So when a friend invited me to attend an exhibit at a native art gallery, it seemed only natural to take Chaya, too. The art gallery was located at the edge of a First Nations Reserve in the Ontario countryside in Canada. The art work shown there was the creation of indigenous artists. One of the artists, a petite, round-faced quilt-maker of some international renown, invited the charming friend who had introduced me to the gallery and myself to dinner.

They had known one another for a long time. Little animal was welcome, too. In the rugged expanse of rural wilderness that framed the reserve, Little Animal was soon to become Wild Animal. Vilde Chaya, as it is called in Yiddish.

The country lake was the first thing to evoke Chaya’s primitive inner voice. She was part husky, after all. She dove into the water in the late day, just as the sun was beginning to dip itself into the lake. Little Animal swam as if the lake and sun and trees belonged to her. She shook her fur when she emerged and frisked happily with the large dog belonging to our native hosts.

“City dog?” one of our native hosts asked, raising a skeptical, busy eyebrow. He was the quilt-maker’s husband and wore a leather, fringed jacket. “I don’t think so. Country dog,” he pronounced.

My friend, an environmental consultant by profession, smiled at me. He was at home in these surroundings. His white mustache quivered with pleasure.

I smiled back. “Like your people and mine,” I answered our host, “Chaya has a long history.”

Then we happily sat down with ten or more First Nations people at long, rough wood tables for a barbecue. The pickerel cooked over an open fire and the roasted potatoes smelled delicious. Green beans from the garden adorned the salad. But in this ecological heaven, we ate on paper plates with plastic forks and knives, and drank from paper cups.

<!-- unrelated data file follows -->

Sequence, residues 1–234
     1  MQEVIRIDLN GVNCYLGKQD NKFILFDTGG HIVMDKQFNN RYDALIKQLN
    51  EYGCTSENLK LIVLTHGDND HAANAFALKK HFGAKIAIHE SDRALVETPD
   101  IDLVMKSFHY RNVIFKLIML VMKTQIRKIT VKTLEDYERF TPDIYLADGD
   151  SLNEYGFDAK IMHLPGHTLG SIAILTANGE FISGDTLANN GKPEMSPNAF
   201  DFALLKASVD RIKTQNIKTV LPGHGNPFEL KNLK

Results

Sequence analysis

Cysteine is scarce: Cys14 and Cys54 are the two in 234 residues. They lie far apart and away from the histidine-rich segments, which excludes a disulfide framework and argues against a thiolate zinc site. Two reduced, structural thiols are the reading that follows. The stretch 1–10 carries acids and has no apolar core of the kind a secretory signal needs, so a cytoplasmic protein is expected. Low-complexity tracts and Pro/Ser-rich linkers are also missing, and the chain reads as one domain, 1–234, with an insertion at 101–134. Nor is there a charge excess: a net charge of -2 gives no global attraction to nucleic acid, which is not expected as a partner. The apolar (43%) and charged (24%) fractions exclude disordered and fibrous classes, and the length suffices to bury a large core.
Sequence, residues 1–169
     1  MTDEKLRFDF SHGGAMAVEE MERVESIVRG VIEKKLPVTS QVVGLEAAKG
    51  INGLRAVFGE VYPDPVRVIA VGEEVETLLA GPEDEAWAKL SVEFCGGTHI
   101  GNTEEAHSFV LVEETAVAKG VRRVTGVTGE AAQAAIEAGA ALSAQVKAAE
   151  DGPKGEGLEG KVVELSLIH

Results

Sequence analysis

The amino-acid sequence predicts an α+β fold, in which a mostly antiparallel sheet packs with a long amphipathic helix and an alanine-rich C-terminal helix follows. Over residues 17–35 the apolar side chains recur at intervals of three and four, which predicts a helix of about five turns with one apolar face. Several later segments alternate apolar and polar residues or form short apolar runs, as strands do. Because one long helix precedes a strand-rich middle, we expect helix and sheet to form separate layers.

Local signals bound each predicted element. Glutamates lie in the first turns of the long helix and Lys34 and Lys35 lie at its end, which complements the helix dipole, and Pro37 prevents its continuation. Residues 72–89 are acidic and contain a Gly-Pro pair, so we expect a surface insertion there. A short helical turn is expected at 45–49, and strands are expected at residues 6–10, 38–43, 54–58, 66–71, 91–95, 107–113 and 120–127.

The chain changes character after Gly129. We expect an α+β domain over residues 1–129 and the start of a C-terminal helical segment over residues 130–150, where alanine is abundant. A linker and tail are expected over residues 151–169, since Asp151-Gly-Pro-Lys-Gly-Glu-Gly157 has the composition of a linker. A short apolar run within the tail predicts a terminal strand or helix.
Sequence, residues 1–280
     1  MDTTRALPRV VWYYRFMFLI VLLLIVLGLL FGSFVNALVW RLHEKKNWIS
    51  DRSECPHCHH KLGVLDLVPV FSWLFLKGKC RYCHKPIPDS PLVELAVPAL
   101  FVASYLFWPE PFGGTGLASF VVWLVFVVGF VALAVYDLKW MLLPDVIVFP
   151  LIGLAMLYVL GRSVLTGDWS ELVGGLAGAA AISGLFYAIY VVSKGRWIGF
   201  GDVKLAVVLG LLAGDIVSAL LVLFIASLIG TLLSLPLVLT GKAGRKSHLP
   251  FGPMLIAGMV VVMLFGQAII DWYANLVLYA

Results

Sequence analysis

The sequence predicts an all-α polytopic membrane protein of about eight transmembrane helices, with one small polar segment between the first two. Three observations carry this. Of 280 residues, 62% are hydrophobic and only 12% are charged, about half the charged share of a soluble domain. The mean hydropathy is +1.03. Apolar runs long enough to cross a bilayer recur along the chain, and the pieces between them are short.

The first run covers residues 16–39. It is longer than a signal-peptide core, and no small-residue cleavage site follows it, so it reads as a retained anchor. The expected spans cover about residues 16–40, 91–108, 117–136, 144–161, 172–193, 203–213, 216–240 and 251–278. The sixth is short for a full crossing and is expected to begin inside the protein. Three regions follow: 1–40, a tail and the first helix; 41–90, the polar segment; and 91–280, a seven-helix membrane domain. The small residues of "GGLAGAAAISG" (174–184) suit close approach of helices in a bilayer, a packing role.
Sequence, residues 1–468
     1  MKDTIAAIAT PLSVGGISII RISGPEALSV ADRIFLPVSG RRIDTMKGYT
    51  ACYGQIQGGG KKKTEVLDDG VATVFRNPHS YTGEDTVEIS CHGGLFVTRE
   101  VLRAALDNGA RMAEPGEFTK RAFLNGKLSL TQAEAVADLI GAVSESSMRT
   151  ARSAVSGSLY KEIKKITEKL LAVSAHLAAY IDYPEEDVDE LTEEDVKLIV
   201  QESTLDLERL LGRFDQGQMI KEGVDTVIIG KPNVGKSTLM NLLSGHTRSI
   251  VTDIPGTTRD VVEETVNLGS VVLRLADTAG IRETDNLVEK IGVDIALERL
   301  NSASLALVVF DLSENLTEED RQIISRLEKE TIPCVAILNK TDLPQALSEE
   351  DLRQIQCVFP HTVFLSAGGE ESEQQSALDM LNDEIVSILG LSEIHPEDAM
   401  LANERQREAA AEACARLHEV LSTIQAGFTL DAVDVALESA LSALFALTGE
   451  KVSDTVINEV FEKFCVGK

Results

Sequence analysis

“L’chaim,” I offered a toast over the bush tea, strong-brewed over the fire. In response, they taught me some words in Ojibway, almost a lost language.

As home-baked apple and blueberry pies were brought to the table, one of the native men laughed happily. “Whenever we had dessert, my Mama always said, “Just turn over the plates, kids, and eat on the other side.” Everyone giggled and turned their paper plates upside down to receive the slices of pie.

I looked at my food-stained plate squeamishly. “I don’t eat dessert,” I excused myself. “Do you want a little piece of pie, Chaya?” I reached under the table to give my slice to the dog. Chaya had taken her place under the table as the meal began, her nose close to my feet, so I could slip her little tid-bits from time to time. This time there was no receiving, moist dog tongue. Chaya wasn’t there. During all the merriment, she had slipped away.

Hurriedly, I began to look for her. Here, in this country setting, amongst aboriginal people with a past so closely connected to the land, had my eight-year-old, Jewish husky responded to some primeval urge and returned to the wilderness?

* * * *

“Chaya,” I cupped my fingers to my mouth to enlarge the sound. “Chayele,” I called. “Where are you? This is your Jewish mother asking. “Come back.”

I remembered how my grandmother used to tie a horsehair ring around her finger to keep away the evil eye. In these strange surroundings, had an evil spirit overtaken my Chaya? Would I ever see her again? I wished that I had a horsehair ring or a five-fingered hand on a little gold chain around my neck, or an Indian dream catcher, or…at least I was wearing my Mogen Dovid (Jewish star).